History repeats itself. 2nd gen Kurofune vs. 2nd Raptor. 3rd gen Kurofune vs. 3rd gen Raptor.

I wonder why Hitachi keeps two lines of high-cap drives (Kurofone and Vancouver) instead of merging them together; or is Kurofone specifically for 5-platter designs only? Otherwise they could use the Kurofone platform and just lose the platters as needed, as per usual - after all, IIRC Vancouver uses a newer (?) DSP.

Hopefully the 7K1000 series proves to be reliable - that's an awful lots of eggs in one basket, as far as data storage is concerned. As it is, for some reason, Hitachi T7K500 and 7K500 drives appear to take quite some fire over reliability issues from user reviews at various online vendors compared to WD or Seagate.

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FINALLY! Excellent review, by the way.

But I do have one question about another front page news item. The mention that the Atlases got tested, but "never quite got the go-ahead from the manufacturer for a formal review." Uh, they sent it to a review site, the drives are out in the wild, so any NDA will have expired. Even if you got them direct from Maxtor, unless to get them you signed an NDA with no end date (which aren't even enforceable,) then you're clear to publish the review. And if you got them from a public source (like a distributor,) and never signed ANYTHING with the manufacturer, then you're well within your rights to publish a review.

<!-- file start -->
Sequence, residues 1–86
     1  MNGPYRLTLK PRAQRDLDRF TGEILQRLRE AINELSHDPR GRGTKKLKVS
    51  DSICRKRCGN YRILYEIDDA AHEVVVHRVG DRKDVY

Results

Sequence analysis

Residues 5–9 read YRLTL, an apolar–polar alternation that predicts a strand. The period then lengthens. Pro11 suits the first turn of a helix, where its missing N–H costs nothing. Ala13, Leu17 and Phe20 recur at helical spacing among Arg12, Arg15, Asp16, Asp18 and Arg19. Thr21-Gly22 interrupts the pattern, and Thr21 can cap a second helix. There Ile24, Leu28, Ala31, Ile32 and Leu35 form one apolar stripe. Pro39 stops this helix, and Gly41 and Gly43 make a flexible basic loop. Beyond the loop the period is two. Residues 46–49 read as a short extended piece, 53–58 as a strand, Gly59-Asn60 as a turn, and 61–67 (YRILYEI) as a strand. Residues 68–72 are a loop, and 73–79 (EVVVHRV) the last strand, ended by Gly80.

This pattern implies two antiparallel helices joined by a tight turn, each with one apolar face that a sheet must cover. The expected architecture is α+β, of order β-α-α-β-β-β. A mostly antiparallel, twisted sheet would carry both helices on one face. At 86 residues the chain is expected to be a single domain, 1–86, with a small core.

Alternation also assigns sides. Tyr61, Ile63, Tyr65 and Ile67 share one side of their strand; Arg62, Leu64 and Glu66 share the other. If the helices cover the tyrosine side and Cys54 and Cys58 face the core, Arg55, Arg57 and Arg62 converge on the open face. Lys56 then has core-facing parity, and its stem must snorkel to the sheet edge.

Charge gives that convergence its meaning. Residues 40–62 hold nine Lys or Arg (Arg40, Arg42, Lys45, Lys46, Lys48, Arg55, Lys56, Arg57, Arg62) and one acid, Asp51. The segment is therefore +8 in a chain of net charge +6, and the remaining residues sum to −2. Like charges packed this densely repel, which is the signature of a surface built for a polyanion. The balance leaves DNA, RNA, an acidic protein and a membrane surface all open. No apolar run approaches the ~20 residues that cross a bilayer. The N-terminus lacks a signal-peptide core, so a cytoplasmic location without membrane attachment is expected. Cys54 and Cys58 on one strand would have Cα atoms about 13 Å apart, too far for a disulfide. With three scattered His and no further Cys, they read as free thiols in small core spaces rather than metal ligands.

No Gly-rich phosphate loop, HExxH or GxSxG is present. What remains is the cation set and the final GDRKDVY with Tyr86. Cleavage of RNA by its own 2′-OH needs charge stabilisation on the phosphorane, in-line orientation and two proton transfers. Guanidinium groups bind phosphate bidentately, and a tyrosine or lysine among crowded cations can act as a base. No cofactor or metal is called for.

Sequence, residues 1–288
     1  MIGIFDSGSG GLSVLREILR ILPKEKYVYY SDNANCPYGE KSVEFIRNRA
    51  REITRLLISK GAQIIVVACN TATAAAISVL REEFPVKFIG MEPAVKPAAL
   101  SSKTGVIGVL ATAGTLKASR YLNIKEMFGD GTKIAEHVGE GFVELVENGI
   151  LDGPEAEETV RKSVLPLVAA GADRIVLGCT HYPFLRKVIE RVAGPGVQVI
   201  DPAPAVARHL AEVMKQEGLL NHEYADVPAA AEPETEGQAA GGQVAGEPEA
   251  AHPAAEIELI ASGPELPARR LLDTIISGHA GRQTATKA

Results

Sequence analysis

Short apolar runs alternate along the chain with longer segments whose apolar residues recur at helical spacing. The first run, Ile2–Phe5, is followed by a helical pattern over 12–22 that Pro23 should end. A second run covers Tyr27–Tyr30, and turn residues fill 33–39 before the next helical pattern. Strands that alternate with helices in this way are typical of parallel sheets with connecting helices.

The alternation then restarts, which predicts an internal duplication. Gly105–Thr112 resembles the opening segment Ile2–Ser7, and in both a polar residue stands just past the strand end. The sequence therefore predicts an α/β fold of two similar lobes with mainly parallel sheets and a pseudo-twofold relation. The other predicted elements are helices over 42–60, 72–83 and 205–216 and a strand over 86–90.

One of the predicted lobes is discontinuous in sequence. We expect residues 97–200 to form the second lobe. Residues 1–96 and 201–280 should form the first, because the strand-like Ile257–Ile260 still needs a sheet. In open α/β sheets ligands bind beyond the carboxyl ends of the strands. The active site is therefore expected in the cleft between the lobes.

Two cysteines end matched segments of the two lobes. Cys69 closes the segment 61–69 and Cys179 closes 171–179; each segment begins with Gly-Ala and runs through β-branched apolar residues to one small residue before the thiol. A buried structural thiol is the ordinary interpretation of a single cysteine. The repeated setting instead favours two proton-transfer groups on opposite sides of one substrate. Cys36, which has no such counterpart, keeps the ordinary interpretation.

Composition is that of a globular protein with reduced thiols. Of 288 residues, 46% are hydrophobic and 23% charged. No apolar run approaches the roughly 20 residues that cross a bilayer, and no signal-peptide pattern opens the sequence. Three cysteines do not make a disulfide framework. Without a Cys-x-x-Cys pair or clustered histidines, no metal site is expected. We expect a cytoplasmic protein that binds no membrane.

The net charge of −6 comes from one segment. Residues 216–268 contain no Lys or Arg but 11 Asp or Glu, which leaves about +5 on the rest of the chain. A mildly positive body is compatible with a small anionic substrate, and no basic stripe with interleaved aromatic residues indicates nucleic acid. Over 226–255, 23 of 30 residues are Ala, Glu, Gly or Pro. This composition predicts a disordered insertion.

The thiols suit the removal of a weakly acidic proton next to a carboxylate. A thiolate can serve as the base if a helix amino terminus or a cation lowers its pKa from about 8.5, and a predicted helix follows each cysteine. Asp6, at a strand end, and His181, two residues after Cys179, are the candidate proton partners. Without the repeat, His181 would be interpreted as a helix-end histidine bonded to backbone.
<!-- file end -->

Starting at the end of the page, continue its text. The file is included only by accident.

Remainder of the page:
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With a 43.5 dB/A objectively-measured noise floor, the Deskstar T7K500 does not break any records when it comes to idle noise.

What about the 7K1000? :)

Under a full seek, the drive's actuator chatter is noticeable, perhaps slightly louder than perhaps slightly louder than the Barracuda's and Raptor's output but not overly heavy in any way.

Hehehe :)

That aside, perhaps SR could make greater use of their noise-measuring setup by adding a condenser microphone right next to their sound meter to record a clip of the HDD's noise, with, for example, the first 3 seconds of the clip recording with the drive powered off (to give an idea of the ambient noise), then recording the noise of the drive as it goes through its power on, idle and seek stages during the usual objective sound pressure level meter measurements.

That, imho, might be a good complement to SR's subjective comments as well as the objective sound pressure level meter readings, since the meter readings may not be able to indentify the strong presence of particular (and potentially annoying) frequencies - which a sound recording could. Frostytech.com does this for their heatsink reviews, for instance. It's not perfect, but it's a useful relative measure between HDDs and works along the same lines as "a picture is worth a thousand words" :)

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Guest Eugene
That aside, perhaps SR could make greater use of their noise-measuring setup by adding a condenser microphone right next to their sound meter to record a clip of the HDD's noise, with, for example, the first 3 seconds of the clip recording with the drive powered off (to give an idea of the ambient noise), then recording the noise of the drive as it goes through its power on, idle and seek stages during the usual objective sound pressure level meter measurements.